Catalysts for change is the common theme running throughout much of this April’s picks.
Now that America’s first black president is serving his second term of office it is hard to realise that half a century ago a humble Afro-American seamstress in the south of the country made history by refusing to give up her seat to a white man in a segregated bus. By so doing she started a revolution. This month we salute brave Rosa Parks.Many of this month’s picks focus on people who have bettered the lives of others – such as Charles Dickens in highlighting the horrors of London workhouses, who earned their living by serving others such as the domestic servants featured here, or who lived life on the margins.
Lord of the isle : the extravagant life and times of Colin Tennant / Nicholas Courtney.
“This is the biography of the late Lord Glenconner, the lord born to a rich Victorian industrial family who used his wealth to live an eccentric lifestyle of self-indulgence from the 1940s to his death in 2010.”(www.globalbooksinprint.com)
Drinking with men / Rosie Schaap.
“Drinking memoirs generally fall into two categories: Never again and Pour me another. Schaap, who writes the Drink column for the New York Times Magazine, has composed one of the latter, an ode to the great tradition of regularhood advocating equal regularhood rights for women. From her teenage discovery of the bar car on the Metro-North New Haven Line; to her college years at the Pig, in North Bennington, Vermont; to a marriage-ending epiphany at Else’s, in Montreal, Schaap charts her path from adolescence to adulthood, bar by bar, sometimes having a few too many but always finding the sense of community and belonging she clearly craves.”(Provided by publisher).
Dickens and the workhouse : Oliver Twist and the London poor / Ruth Richardson.
“Medical historian Richardson (The Making of Mr. Gray’s Anatomy) joined the cause to preserve a London building that had once been the Strand Union Workhouse (as the British say) Cleveland Street. She made what she calls “the remarkable finding” that Dickens lived only a few doors away as a toddler and again in his late teens. Never mind that Dickens’s London addresses have long been known and that he placed the Oliver Twist workhouse 75 miles north of London (an area he visited where there was a workhouse)-Richardson wants to make the case for this workhouse as the basis for the famous workhouse scenes in Oliver Twist. (c) Copyright 2010. Library Journals LLC, a wholly owned subsidiary of Media Source, Inc. No redistribution permitted.” (Library Journal)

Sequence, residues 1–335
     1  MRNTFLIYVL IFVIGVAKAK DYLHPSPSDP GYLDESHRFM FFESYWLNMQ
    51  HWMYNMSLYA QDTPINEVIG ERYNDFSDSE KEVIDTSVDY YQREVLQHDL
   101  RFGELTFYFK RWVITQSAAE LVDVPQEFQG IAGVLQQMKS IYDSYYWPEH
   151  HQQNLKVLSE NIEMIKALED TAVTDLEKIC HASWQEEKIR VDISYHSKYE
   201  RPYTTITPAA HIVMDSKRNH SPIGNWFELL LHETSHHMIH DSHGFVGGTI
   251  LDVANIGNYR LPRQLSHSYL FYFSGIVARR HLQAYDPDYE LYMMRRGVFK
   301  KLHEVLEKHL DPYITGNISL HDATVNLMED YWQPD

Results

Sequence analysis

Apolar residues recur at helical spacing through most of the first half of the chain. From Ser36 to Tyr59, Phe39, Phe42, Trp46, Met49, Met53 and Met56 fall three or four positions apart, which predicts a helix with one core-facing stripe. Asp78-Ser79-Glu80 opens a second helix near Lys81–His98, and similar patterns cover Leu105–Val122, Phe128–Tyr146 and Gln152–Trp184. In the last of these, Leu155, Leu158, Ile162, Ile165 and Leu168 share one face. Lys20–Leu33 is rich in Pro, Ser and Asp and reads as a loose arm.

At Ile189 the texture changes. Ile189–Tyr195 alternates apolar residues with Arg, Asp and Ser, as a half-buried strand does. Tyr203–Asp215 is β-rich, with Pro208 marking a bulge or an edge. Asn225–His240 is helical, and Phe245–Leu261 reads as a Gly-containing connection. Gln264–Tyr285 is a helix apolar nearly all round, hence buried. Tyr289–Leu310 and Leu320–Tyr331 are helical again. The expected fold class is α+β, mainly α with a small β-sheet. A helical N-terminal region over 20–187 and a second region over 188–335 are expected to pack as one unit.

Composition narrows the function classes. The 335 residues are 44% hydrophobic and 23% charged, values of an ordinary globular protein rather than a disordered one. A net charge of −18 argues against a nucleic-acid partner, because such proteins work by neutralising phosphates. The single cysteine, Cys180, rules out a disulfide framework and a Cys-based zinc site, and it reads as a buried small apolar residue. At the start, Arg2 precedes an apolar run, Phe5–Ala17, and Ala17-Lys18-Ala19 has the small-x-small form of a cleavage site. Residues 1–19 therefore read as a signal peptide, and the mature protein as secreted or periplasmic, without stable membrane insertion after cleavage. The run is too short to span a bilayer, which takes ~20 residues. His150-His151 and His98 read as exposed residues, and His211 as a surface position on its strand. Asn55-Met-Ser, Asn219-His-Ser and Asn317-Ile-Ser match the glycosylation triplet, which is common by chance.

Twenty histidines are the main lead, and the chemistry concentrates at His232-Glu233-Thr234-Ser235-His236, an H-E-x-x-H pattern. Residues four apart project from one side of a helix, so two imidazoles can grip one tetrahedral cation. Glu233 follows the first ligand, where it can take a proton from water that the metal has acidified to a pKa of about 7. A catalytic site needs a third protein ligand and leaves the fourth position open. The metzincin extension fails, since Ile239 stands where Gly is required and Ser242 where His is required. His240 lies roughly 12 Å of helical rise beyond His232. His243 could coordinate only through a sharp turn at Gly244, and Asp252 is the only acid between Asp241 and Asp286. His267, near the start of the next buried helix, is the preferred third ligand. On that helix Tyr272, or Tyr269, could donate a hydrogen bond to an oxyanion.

The rebellious life of Mrs. Rosa Parks / Jeanne Theoharis.
“In her introduction to this biography, Brooklyn College political scientist Theoharis (coauthor of Freedom North: Black Freedom Struggles Outside of the South) notes the common perception of Rosa Parks (1913-2005): “hidden in plain sight, celebrated and paradoxically relegated to be a hero for children.” Into that gap, Theoharis submits a lavishly well-documented study of Parks’s life and career as an activist. In tracing her work with the Montgomery NAACP and other groups from the 1930s onwards, and then following her move from Alabama after the 1956 bus boycott to Detroit, Theoharis maps a lifetime devoted to civil rights, thereby destabilizing our notions of Parks as a “tired seamstress” who simply kept her seat on a bus one day in 1955.(c) Copyright PWxyz, LLC. All rights reserved.(c) Copyright PWxyz, LLC. All rights reserved” (Publisher Weekly).
Outsiders : stories from the fringe of New Zealand society / Gerard Hindmarsh.
“A social history of New Zealand’s outsiders, such as Arawata Bill, The Chaffeys, George Wilder and others – those who choose to live out on the fringes of society, and whose free and unrestricted lives offer an important counterbalance to the structured urban world most of us inhabit”.(Syndetics summary).
The real Jane Austen : a life in small things / Paula Byrne.
“Just in time for the 200th anniversary of Jane Austen’s Pride and Prejudice (first published in January 1813), comes Paula Byrne’s vivacious new portrait of its author. The approach Byrne (Jane Austen and the Theatre) takes is refreshingly material-based and the book is experimental in structure; each chapter unfolds from the biographer’s description of a small object associated with Austen’s life (chapter titles include “The East Indian Shawl”, “The Cocked Hat” “The Card of Lace”, “The Crimson Velvet Cushions”, and “The Topaz Crosses”). This technique serves two functions: firstly, it honors the precision for which Austen was famed by drawing attention to the material artifacts of her life; secondly, it challenges the “`official’ family biography””. (Publisher Weekly).